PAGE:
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Useful Notes: Moldova

Moldova, officially the Republic of Moldova (Romania: Republica Moldova), is sandwiched in between Romania and Ukraine, suffering from a pretty bad identity crisis and being officially named the poorest country in Europe... yeah, suffice to say, the Republic of Moldova has it a bit rough.

First of all, to get a bit of etymology confusion out of the way: "Moldova" is the generic Romanian term for the historical region that was formerly occupied by the Principality of Moldova between 1346-1859. For the sake of avoiding confusion, English material differentiates between the historical region, which is referred to by the anglicized "Moldavia", and the ''modern region of Romania and country', which are referred to as "Moldova". It can get a bit confusing, sort of like Macedonia the Greek area or the country. Also, many of the Moldovan and Romanian people have historically held VERY strong (opposing) opinions about whether Moldovan is a language itself, or a dialect of Romanian. The truth behind this is somewhat more involved: The two languages have the same literary standard, although Moldovan was written in the Cryllic alphabet instead of the Romanian alphabet. (Which is a variant on the Latin alphabet.) Further, Moldova's 1991 Declaration of Independence declared Romanian the official language, while the 1994 Constitution declared Moldovan the national language. A 2013 Constitutional Court ruling ruled that the Declaration of Independence takes precedence, and that the official language was Romanian. For what it's worth, most linguists consider Moldovan and Romanian to be the same language, with Moldovan being a political glottonym more than anything else.

History

Old history

Now, Moldova the region's got a long history and we don't want to bore you with it, so here's the basics. The region first got settled in 1353 by Dragoș, at first under Hungarian control. It was Bogdan the Founder who managed to throw them out in 1359, and named the resulting realm after the Moldova river note . The Principality of Moldavia soon covered the entire historical region. A long history ensued, which Romanians and Moldovans know from school but we can't risk Padding now, can we? The most important event here was the 1859 union between the Principalities of Moldavia and Wallachia, which created the United Principalities and officially ended the existence of Moldavia as an independent country. The United Principalities changed their name to Romania in 1866 and later the Kingdom of Romania in 1881.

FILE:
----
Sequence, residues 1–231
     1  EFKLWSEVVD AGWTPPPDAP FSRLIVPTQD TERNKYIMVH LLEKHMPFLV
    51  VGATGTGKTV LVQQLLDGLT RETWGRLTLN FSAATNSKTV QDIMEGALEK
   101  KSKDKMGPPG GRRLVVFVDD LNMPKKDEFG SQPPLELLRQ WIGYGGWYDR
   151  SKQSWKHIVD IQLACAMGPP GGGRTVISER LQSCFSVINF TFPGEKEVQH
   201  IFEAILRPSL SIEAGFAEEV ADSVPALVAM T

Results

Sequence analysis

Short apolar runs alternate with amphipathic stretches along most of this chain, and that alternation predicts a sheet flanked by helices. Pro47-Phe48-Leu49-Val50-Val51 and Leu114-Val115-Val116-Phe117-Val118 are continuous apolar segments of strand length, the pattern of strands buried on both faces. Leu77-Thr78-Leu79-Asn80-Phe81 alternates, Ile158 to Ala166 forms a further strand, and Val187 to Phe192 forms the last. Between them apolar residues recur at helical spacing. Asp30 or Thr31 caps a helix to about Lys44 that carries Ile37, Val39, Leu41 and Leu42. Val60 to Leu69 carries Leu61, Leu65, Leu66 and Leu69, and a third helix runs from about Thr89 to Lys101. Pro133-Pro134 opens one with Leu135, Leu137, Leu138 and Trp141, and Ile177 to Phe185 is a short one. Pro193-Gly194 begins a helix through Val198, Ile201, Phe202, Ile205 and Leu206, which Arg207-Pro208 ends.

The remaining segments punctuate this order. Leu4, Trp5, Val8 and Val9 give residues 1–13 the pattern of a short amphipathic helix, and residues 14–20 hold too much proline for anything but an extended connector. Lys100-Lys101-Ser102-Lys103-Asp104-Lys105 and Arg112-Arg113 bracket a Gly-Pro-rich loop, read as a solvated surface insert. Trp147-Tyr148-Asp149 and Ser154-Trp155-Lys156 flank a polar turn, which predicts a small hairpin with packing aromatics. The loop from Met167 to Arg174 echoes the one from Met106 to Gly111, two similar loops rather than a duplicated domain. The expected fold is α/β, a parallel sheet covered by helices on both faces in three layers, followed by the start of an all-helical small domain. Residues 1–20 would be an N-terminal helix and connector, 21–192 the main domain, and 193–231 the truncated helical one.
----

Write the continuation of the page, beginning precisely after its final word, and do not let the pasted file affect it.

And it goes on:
Still here so far? Good, because it gets a bit trickier now. In 1812, the Treaty of Bucharest was signed, which split the Principality in two: the part west of the Prut River remained independent and later united with Wallachia to form Romania, while the eastern bit between the Prut and Dniester rivers known as "Bessarabia" ("Basarabia" if you're Romanian) got taken over by Russia. The Russians settled various minorities like Ukrainians, Lipovans, Cossacks, Bulgarians,] Germans and Gagauzes in the southern sparsely inhabited parts of Bessarabia.

In 1917, Bessarabia took advantage of the chaos of Red October to at first declare itself a Moldavian Democratic Republic within Russia in December. In January 1918, it broke off and declared independence, only to vote to unite with Romania in April. Bessarabia joined Greater Romania and the Romanians were really happy about it, whereas the Soviets refused to recognise Romanian rule over Bessarabia and became really pissed. They symbolically protested by creating a "Moldavian ASSR" on the border with Romania.

The Soviets then benefited from the 1939 Molotov-Ribbentrop Pact. On June 26, 1940, the USSR issued an ultimatum to Romania to withdraw from Bessarabia and Northern Bucovina. Romania had no choice and evacuated the region, which the Soviets took over and renamed the Moldavian SSR. Pissed, the Romanians allied themselves with the Germans and reoccupied it during the invasion of the USSR before getting kicked out again by the Soviets. The Soviets got to keep it after the war in exchange for recognising Romania's re-annexation of Northern Transylvania, essentially creating Romania's modern borders.